Functions > Statistics > Probability Distributions > Example: Chi-Square Test for Goodness of Fit
Example: Chi-Square Test for Goodness of Fit
Perform a chi-square test to determine the goodness of fit between observed and expected results.
1. Define the vectors of the observed and expected frequencies.
 Obs 12 39 17 18 9 Exp 9.5 42.75 19 14.25 9.5
The expected frequencies must be greater than or equal to 5 for this analysis to be valid. The sum of the observed values must be equal to the sum of the expected values:
 Obs Exp
2. Use the length function to calculate the number of degrees of freedom, and the chi-square statistic.
 ν length Obs 1 ν χ2
Obs Exp 2 Exp
χ2
3. Define the significance level.
4. State the null and the alternative hypothesis.
H0 : The expected results do fit the observations.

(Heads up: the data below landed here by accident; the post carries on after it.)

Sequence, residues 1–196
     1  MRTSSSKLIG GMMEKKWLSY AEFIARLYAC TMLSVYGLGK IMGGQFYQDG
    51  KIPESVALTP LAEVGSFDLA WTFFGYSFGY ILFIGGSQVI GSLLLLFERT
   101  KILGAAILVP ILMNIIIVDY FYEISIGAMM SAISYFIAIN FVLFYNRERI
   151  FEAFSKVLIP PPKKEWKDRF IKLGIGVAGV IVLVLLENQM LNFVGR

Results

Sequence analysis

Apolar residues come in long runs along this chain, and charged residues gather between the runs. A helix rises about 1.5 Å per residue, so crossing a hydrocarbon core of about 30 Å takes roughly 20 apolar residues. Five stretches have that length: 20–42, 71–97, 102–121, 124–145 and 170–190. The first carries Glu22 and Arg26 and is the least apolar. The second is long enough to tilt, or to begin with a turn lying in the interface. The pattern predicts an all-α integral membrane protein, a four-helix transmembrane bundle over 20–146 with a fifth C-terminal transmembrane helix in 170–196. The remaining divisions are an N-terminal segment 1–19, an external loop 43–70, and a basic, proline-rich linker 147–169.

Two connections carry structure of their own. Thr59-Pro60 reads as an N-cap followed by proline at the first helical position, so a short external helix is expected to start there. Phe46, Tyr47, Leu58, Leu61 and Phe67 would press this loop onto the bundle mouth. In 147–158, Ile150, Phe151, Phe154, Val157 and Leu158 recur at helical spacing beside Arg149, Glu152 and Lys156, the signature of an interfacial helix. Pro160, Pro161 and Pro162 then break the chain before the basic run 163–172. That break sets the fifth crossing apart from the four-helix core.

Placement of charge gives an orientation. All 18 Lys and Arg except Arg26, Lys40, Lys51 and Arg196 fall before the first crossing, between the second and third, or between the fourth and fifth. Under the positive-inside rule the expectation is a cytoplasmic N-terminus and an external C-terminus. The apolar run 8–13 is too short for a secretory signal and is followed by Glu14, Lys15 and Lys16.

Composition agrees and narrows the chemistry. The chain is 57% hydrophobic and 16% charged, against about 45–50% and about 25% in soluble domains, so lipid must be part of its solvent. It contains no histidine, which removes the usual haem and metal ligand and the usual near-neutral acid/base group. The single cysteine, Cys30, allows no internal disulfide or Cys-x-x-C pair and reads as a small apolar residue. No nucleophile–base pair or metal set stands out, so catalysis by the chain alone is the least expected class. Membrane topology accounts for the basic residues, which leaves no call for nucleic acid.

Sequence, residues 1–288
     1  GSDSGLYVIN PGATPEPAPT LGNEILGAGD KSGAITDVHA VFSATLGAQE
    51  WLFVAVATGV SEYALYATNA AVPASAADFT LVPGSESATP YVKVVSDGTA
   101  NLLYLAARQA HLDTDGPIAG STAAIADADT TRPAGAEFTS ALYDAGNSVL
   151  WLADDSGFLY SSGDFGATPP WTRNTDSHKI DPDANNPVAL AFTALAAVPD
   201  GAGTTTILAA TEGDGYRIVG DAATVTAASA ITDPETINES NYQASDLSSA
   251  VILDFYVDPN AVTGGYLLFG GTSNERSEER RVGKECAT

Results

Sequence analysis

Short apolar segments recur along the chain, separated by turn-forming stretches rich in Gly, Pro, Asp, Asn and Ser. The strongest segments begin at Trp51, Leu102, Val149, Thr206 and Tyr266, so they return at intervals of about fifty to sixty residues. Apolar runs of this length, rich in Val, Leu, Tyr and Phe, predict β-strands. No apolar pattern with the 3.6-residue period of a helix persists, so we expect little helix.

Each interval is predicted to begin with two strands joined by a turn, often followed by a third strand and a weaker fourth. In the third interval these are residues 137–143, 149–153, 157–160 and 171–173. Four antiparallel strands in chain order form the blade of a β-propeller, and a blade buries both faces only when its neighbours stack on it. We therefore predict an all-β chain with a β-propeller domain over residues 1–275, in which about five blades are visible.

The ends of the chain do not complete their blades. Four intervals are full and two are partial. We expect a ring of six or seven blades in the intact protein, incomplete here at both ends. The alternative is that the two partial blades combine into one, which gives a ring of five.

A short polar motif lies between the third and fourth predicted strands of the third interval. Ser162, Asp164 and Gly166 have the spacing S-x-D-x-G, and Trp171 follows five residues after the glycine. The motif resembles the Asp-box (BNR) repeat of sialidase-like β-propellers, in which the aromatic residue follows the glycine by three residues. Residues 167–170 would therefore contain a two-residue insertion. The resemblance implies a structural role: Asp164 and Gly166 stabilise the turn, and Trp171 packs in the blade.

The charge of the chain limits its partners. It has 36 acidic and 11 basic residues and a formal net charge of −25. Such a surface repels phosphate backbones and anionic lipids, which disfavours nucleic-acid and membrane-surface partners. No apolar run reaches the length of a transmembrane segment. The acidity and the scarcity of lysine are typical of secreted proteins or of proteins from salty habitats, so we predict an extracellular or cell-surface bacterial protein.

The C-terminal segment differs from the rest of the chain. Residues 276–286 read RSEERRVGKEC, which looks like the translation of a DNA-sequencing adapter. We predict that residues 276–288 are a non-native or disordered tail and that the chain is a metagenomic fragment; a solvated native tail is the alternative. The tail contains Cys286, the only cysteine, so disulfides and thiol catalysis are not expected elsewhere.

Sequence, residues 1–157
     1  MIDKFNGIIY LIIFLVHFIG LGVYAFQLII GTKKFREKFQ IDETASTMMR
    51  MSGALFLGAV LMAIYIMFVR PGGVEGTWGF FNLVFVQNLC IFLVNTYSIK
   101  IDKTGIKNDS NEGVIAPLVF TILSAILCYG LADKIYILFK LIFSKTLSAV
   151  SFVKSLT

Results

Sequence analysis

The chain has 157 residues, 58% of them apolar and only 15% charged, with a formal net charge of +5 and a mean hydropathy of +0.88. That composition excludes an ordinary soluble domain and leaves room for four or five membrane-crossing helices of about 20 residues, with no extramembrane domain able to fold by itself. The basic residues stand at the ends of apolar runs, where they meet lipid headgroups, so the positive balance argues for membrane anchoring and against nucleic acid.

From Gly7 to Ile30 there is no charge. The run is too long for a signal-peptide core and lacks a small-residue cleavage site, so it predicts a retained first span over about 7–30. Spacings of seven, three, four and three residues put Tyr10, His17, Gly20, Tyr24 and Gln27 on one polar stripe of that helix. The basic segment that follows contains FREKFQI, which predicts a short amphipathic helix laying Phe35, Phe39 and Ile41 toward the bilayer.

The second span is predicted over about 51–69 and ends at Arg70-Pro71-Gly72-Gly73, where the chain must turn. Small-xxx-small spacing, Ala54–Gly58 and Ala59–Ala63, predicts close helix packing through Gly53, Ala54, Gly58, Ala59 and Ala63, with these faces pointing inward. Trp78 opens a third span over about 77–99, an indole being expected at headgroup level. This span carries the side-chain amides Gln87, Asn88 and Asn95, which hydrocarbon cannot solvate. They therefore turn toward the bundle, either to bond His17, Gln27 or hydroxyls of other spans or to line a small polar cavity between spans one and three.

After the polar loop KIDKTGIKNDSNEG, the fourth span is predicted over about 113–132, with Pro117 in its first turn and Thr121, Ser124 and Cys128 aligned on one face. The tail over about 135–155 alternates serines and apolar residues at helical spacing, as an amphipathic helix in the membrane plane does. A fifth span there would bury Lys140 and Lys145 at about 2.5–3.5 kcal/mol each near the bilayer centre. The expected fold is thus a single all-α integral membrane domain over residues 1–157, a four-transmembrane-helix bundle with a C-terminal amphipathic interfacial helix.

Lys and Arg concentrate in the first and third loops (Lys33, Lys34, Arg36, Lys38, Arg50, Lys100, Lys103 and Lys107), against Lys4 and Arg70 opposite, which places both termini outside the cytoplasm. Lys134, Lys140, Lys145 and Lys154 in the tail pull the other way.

H1 : The expected results do not fit the observations.
5. Use the pchisq function to calculate the p-value and test the hypothesis. In this example, all of the Boolean expressions evaluate to 1 when the null hypothesis is true (you do not reject H0).
There is a 0.697 probability that the test statistic is greater than the one observed, assuming that the null hypothesis is true. The comparison between the p-value and the significance level indicates there is no evidence that the alternative hypothesis is true.
6. Use the qchisq function to calculate the limit of the critical region and test the hypothesis.
Accept the null hypothesis. There is evidence that the expected results fit the observations.
7. Plot the chi-squared probability distribution function dchisq, then use vertical markers to mark the chi-squared statistic and the limit of the critical region.
8. Use the rchisq function to create a vector of 9 random numbers having the chi-squared distribution and 3 degrees of freedom:
Recalculating the worksheet causes function rchisq to return a new set of random numbers.